Edmund S. Carpenter, in Greenland, circa 1997. Photo by Adelaide de Menil.
Carpenter visited numerous Arctic locations throughout his life, beginning in 1951, when he wintered with an Inuit family near Igloolik, Canada. He returned to Igloolik several times in the 1950’s, witnessing the effects of a winter famine in 1954. With his friend and colleague Jorgen Meldgaard of the Danish National Museum, Carpenter traveled to Greenland to attend a ceremony to repatriate human remains to a Kalaalliit grave site, and to visit Paleo-Eskimo village sites in coastal Alaska. And during the late 1990’s and early 2000’s, he spearheaded the discovery and excavations of ancient inhabitations on Zhokov Island, Siberia, where material evidence carbon dated 30,000 years old were found.
In a report written by Carpenter, August 6, 2001, he discussed the finding of bones on the island, and nearby:
“…Finally, in early September, the remaining crew will check out a site on the Yana River, east of Tiksi. In 1983, a young Soviet geologist, prospecting for gold, found a Clovis-like foreshaft there. It was made of rhinoceros horn. Rhinos became extinct in this area at least 18,000 years ago. The foreshaft came from an ‘elephant graveyard’, a former lake or river crossing where mammoths, rhinos, giant panthers, huge horses, early bison, etc., fell through the ice. The geologist, in Moscow, agreed to take us there. He joined us in Tiksi and we helicoptered over for a one-day visit.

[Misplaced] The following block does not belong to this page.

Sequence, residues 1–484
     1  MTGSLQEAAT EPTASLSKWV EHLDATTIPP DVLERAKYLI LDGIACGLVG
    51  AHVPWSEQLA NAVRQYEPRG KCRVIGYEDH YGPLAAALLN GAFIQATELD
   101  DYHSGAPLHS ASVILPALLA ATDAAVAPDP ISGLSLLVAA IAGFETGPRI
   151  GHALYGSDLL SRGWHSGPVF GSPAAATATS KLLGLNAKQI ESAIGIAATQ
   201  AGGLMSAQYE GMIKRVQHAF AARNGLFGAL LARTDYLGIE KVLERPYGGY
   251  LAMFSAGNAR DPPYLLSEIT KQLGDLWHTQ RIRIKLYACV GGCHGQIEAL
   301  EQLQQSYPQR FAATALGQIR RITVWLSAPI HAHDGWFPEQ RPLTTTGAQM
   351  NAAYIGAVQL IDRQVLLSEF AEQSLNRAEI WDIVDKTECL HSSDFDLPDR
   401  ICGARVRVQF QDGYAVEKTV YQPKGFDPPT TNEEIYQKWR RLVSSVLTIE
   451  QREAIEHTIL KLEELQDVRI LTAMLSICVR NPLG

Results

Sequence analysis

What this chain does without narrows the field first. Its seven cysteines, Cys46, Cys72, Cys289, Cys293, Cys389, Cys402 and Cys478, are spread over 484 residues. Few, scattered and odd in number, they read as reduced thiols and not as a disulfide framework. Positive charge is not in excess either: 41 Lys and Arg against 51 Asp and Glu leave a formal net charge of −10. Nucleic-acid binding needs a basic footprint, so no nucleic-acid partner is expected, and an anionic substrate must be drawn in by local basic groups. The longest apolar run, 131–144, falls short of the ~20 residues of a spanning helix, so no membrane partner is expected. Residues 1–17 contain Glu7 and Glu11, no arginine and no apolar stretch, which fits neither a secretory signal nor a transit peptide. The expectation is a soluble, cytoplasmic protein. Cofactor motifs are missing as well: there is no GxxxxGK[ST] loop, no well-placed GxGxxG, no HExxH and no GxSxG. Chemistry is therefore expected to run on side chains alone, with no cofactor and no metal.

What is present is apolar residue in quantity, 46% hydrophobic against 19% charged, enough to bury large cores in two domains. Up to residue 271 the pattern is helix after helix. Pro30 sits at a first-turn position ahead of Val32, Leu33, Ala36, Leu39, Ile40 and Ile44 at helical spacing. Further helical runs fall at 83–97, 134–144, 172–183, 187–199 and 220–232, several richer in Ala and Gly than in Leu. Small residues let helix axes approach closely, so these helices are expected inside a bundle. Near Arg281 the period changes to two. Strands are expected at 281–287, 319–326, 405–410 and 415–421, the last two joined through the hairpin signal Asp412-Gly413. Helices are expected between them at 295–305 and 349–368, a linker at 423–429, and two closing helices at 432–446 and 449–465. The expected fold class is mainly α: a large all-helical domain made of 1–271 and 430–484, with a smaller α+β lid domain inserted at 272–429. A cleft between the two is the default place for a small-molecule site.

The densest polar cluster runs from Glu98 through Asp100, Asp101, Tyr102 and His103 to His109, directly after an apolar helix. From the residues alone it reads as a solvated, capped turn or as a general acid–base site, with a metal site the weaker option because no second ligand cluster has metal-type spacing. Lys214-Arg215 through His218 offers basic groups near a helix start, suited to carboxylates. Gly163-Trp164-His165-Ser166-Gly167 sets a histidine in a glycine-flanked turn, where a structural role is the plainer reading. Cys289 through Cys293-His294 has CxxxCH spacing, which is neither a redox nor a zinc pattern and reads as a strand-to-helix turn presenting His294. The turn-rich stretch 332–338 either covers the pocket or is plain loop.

“While the paleontologists gathered big bones (so many, so heavy, the copter hopped from pile to pile), I focused on small, cracked bones. Suddenly I found 2… 3… 40, including bird bones, together with chips. Two classic bi-faces & an ivory scraper lay nearby. The cracked bones occupied a stained area, roughly 18″ across, 5” deep: a pit encased in a block of earth that most likely fell from a cliff above, but remained intact, as a deposit.
“The problem with such evidence is that later peoples, say contemporaries of those on Zhokov, utilized ‘bone sites’ for resources, especially ivory. Everything, then, depended on carbon dating the cracked bones. The geologist immediately took them to Moscow. We were at dinner on Zhokov when the report reached us by satellite: 30,000 BP. Silence, awe.
“A handful of Russian & American archeologists long suspected that paleolithic peoples occupied the Siberian High Arctic. But, until now, evidence was lacking. Suddenly, there it was…”